Empowering low-income youth, powering
By John Gomperts, President & CEO, America's Promise Alliance and Brandee McHale, President of the Citi Foundation and Director of Corporate Citizenship, Citi August 26, 2015 09:00 AM
A Dallas-based nonprofit restaurant provides at-risk youth with intensive culinary, job and life-skills training for careers in the restaurant industry.
In St. Louis, an IT boot-camp transforms a group of young adults from novices into career-ready professionals.
A health care pathways program in Los Angeles offers readiness certification and paid positions at regional hospitals.
These are just snapshots of the innovations occurring at the local level that will be expanded through the recently launched Youth Opportunity Fund, a program led by the Citi Foundation and America’s Promise Alliance.
This $3 million fund is part of the Citi Foundation’s Pathways to Progress initiative and supports city-level, scalable programs that link young people to opportunities that lead to jobs.
Youth unemployment remains one of our nation’s most pervasive issues. More than 5.6 million young people are out of school and out of work. Low-income youth face even greater challenges. There is no one-size-fits-all solution to this problem, so the Fund will support a diverse array of programs designed to showcase many effective ways to engage young people and provide them with the tools they need to place themselves on a path to success.
We are impressed by the hundreds of nonprofits that are responding to these challenges head-on by working directly with the communities and young people most in need. The 12 we selected for $250,000 grants have demonstrated that their work goes beyond serving young people. These community partners are helping us rethink how we meet youth unemployment’s challenges by collaborating with municipalities and other stakeholders to help drive local impact.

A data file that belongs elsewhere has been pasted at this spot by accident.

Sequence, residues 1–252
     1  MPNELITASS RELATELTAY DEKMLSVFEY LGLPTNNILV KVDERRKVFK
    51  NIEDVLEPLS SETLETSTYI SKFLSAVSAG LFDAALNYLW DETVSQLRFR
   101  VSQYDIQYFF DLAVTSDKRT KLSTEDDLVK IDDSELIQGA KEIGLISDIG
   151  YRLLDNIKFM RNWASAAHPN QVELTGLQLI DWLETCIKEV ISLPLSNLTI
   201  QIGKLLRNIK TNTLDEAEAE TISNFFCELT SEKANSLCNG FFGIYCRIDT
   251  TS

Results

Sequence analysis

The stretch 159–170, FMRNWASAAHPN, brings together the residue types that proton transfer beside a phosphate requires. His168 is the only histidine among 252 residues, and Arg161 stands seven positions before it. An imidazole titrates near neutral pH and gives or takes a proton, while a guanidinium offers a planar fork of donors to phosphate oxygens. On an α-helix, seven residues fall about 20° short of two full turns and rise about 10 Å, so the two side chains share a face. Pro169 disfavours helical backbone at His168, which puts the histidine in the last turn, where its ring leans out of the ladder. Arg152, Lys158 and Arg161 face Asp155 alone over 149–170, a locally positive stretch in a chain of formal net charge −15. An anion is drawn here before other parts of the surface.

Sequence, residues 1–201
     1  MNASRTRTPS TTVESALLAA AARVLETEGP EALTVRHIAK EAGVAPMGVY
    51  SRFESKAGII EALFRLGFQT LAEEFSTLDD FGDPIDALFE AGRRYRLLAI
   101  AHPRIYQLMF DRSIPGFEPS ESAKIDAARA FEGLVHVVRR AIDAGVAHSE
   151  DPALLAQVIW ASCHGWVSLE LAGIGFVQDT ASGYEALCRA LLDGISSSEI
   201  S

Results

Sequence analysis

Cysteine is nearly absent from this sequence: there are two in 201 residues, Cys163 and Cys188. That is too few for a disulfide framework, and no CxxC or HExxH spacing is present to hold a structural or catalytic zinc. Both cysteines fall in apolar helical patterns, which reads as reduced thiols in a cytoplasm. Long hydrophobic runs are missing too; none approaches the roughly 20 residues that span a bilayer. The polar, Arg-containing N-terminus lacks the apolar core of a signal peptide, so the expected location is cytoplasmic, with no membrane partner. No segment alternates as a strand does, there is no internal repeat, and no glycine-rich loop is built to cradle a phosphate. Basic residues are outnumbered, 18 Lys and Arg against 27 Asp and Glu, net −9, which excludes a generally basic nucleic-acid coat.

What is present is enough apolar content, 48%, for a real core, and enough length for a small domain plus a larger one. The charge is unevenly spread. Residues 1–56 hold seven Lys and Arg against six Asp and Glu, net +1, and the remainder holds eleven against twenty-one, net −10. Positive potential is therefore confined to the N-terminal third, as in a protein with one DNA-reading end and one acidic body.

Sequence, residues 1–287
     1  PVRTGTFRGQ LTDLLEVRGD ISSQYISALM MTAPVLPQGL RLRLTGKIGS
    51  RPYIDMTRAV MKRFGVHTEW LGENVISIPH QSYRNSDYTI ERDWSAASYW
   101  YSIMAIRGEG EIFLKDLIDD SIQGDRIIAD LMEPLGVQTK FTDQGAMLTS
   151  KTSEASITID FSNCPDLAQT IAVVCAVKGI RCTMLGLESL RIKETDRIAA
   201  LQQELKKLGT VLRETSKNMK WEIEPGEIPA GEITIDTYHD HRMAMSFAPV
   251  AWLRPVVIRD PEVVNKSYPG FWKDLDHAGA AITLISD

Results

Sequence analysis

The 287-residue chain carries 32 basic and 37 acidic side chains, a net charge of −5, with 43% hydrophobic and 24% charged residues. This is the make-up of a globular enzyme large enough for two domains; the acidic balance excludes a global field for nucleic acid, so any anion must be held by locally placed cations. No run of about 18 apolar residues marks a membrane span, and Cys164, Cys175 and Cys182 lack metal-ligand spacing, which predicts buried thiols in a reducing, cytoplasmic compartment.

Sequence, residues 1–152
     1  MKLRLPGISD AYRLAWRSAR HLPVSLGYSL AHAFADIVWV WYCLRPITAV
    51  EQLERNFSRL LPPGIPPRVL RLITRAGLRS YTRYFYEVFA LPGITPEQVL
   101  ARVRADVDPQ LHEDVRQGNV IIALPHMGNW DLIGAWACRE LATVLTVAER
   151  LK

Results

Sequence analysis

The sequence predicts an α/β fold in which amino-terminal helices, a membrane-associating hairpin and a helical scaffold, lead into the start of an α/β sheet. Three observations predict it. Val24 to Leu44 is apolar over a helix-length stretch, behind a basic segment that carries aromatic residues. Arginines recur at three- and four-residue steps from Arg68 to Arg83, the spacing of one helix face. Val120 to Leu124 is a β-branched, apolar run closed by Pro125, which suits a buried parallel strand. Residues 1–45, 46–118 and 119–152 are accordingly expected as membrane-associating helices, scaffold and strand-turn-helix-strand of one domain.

These awardees in 10 of the nation’s largest cities will focus on developing job readiness skills in diverse sectors that are crucial to the future competitiveness of cities, including technology, healthcare, the service industry and environmental sustainability.
By learning from these innovative solutions and spreading the word about best practices, the Youth Opportunity Fund can help reach more youth-serving organizations and more municipal leaders across the country, who, in turn, can help many more young people.
We are encouraged by grantees like Café Momentum, which works with the Dallas County Juvenile Justice Department to enroll 250 young people in a 13-week life and leadership skills course that will equip them with knowledge and experience for careers in the food industry.
And there’s UNITE-LA: In a joint effort with the Los Angeles Mayor’s Office and LA Unified School District, the organization is training hundreds of young adults for the healthcare field. Meanwhile, the Urban League of Metropolitan St. Louis is collaborating with the City Workforce Board and Housing Authority to certify 250 new young IT professionals.
Each Youth Opportunity Fund awardee is enhancing the employability of low-income youth and contributing to the economic competitiveness of their cities. All 12 awardees have demonstrated that they understand what their communities need and are presenting young people with opportunities to become the next leaders of their generation.
The organizations selected to receive grants from the Youth Opportunity Fund are at the forefront of smart ways to put economically vulnerable young adults on a path to economic success. Nothing could be more important, and we are pleased to support and learn from these organizations and the young people they will help.